Band-aids, antiseptic, toothpaste, and mints survived, unscathed. Hundreds of pounds of M&M’s lay sleeping on the corridors of candy. And washing detergents stand in perfect order, like little soldiers ready to march.

Scores of employees set out to repair the damage of the passing storm. Their numbers finally overwhelm the drizzling of consumers who step through the electric doors, even though they know that tomorrow, it all begins again.

***

Monday morning, a potential love interest, the same one who almost killed me five times on a scramble up the cliffs of the Hudson, only to redeem himself by saving my life six times and buying me an ice cream, brings me a book – “Walks and Rambles in Westchester and Fairfield Counties.”

“Read the first sentence,” he says. “Read it out loud.”

“Shall I start with the introduction to this 1986 edition?” He nods, I read. “‘… this is not a book of hikes, but a book of gentle walks…’

He smiles and raises his eyebrows. i pause and peer at him over the pages.

“A lot of things have changed since 1986,” I say.

“Go on.”

“‘They are offered with the hope that they will refresh your spirit as they increase your knowledge of the natural world…'”

“Why to you have so many potatoes” he asks.

“I’m making a movie.”

“That’s what I figured.”

Later, we’re driving to some town along the Hudson that has good coffee with my dog in the backseat scratching for crumbs. We’ll pretend we’re the interesting people who live there. I tell him about the wedding. About how I painted my toenails (and thus parts of my toes) red, as I felt it only fitting for a celebration of love. About the horses and apple trees in the yard. About how Chuck wept in his napkin when he watched his guests dancing. How his husband held his hand under the table. How Sebastian put his arm around his pregnant wife’s shoulder and kissed the top of her head. How guest after guest spoke of the blossoming in their own lives, their hopeful pursuits of love, art, career, and life. And, how everyone there was happy to be happy for someone else on a day where love trumped politics and the rain held off until just the right moment. When I stood in the field, the raindrops were soft and clean and bled through my skin and into my heart.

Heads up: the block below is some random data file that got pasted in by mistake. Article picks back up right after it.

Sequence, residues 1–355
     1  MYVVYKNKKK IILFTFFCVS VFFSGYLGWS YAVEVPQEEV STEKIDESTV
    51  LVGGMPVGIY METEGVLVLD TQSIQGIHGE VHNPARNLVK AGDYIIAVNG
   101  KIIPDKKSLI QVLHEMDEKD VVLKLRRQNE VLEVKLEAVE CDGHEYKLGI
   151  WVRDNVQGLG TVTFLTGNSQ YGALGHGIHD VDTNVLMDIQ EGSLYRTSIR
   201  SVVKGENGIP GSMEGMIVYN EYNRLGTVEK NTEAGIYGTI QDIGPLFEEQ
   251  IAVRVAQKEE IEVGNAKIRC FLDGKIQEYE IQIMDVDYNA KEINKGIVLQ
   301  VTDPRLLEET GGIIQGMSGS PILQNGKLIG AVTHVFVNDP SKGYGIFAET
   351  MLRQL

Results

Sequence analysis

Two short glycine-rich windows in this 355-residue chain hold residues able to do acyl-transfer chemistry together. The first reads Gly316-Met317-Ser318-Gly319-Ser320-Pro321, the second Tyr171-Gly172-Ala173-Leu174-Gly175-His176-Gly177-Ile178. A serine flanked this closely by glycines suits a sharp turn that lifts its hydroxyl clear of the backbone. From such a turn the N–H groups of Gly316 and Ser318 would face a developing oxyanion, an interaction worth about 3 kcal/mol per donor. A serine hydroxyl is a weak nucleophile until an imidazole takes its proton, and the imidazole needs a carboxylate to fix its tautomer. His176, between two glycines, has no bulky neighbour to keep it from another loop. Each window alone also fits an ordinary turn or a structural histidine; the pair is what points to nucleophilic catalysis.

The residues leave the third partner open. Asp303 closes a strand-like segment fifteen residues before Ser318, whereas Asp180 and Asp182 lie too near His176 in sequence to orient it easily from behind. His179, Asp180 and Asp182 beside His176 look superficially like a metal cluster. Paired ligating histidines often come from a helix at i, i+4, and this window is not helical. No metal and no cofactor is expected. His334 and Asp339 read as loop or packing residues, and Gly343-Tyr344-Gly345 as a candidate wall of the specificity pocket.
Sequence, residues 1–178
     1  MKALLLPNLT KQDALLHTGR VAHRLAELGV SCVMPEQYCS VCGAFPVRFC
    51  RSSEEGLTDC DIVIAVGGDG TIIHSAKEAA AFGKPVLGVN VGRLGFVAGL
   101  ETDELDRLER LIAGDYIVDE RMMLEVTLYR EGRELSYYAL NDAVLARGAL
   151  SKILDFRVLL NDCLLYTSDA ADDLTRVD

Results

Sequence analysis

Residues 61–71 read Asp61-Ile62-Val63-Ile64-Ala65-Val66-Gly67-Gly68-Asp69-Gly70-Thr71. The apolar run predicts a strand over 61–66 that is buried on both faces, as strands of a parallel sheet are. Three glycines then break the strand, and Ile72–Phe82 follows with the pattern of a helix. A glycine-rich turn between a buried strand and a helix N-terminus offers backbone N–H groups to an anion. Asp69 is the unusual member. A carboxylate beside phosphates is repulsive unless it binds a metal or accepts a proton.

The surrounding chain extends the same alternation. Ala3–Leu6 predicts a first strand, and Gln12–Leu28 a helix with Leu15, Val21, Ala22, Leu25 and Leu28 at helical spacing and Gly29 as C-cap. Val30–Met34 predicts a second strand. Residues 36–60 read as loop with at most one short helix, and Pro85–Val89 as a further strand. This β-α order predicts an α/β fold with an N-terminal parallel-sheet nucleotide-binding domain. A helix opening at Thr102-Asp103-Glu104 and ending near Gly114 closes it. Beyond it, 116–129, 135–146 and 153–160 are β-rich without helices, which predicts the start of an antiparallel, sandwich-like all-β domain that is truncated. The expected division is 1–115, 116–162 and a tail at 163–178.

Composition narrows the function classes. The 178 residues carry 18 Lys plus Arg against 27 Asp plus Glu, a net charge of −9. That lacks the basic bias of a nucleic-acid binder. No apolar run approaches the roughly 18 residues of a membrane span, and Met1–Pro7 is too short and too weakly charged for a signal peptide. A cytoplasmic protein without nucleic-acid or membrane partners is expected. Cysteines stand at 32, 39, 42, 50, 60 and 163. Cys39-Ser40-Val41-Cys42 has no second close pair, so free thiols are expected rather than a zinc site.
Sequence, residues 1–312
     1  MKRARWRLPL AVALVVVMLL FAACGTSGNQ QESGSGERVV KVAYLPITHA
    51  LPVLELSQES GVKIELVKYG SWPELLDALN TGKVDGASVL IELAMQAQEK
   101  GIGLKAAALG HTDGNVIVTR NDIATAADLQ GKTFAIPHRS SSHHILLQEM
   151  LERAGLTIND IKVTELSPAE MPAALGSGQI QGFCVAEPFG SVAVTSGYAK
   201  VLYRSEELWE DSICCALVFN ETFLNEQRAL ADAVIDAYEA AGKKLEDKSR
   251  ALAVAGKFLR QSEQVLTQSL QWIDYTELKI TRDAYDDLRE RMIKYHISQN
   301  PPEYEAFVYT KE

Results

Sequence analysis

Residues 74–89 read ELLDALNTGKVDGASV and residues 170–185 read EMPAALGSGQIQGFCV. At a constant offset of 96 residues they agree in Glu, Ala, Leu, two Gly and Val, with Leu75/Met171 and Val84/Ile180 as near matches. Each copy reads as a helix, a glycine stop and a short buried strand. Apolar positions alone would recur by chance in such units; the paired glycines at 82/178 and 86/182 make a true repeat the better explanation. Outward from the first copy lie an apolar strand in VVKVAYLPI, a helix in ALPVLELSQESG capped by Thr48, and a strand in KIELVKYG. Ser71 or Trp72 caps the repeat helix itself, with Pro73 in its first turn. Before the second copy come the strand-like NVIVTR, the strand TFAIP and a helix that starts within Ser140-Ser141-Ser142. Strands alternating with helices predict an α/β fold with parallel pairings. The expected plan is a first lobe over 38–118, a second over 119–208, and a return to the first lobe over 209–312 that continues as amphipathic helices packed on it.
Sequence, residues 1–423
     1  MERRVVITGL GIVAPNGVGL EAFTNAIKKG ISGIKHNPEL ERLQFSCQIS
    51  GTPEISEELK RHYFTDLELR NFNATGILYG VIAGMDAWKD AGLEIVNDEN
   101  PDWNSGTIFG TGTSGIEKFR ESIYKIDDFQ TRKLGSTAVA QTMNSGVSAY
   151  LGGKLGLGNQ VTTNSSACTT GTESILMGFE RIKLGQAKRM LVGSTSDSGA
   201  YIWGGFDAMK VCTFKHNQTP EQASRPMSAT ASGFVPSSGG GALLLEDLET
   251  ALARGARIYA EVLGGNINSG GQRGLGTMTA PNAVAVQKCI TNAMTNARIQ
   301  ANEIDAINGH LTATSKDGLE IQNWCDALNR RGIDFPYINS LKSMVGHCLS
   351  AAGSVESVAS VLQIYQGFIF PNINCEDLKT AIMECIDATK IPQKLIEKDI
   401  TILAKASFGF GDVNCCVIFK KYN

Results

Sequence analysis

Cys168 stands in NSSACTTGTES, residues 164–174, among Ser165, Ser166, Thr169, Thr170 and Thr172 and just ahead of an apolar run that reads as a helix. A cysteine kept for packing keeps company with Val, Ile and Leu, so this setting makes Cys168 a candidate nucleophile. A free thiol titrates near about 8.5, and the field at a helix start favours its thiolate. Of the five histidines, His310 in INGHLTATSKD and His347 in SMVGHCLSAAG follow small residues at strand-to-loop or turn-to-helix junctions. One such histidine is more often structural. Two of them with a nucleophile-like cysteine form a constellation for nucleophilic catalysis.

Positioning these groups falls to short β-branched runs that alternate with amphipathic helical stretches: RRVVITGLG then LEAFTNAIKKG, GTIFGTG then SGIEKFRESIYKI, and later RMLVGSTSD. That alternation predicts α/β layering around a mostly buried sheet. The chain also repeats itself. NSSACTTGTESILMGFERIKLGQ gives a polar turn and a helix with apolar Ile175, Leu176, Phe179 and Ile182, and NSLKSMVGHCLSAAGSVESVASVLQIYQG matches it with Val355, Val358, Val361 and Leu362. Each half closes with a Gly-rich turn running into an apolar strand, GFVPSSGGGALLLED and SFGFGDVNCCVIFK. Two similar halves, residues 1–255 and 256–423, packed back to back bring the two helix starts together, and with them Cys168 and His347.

He pulls the car into a lot. We walk across the street, up a path, across a field, and sit under his favorite tree.

Maybe I should’ve fibbed about the potatoes.

On the other hand, love me, love all of me. Or get out of the way.

***

But what of the mystery of Miles’ missing mustache? I left you hanging.

I was the culprit of my own caper.

It leapt from my finger, twirled through the air and landed on the elbow of my brown sweater. It rode in comfort through the rest of the show, until the sweater retired for the evening on a hook by the door.

The mustache wanted to see the world.

During the night, it grew scared, a lone mustache in a room full of wigs. It crawled off my sweater, onto my desk, and penned a note, in hopes of finding its way back home.

mustache

 

1 thought on “Mysteries

  1. Haha! I hadn’t heard the mystery of the mustache.
    Your words make me fall in love with the Hudson. We should go wandering sometime together. Farther than the park.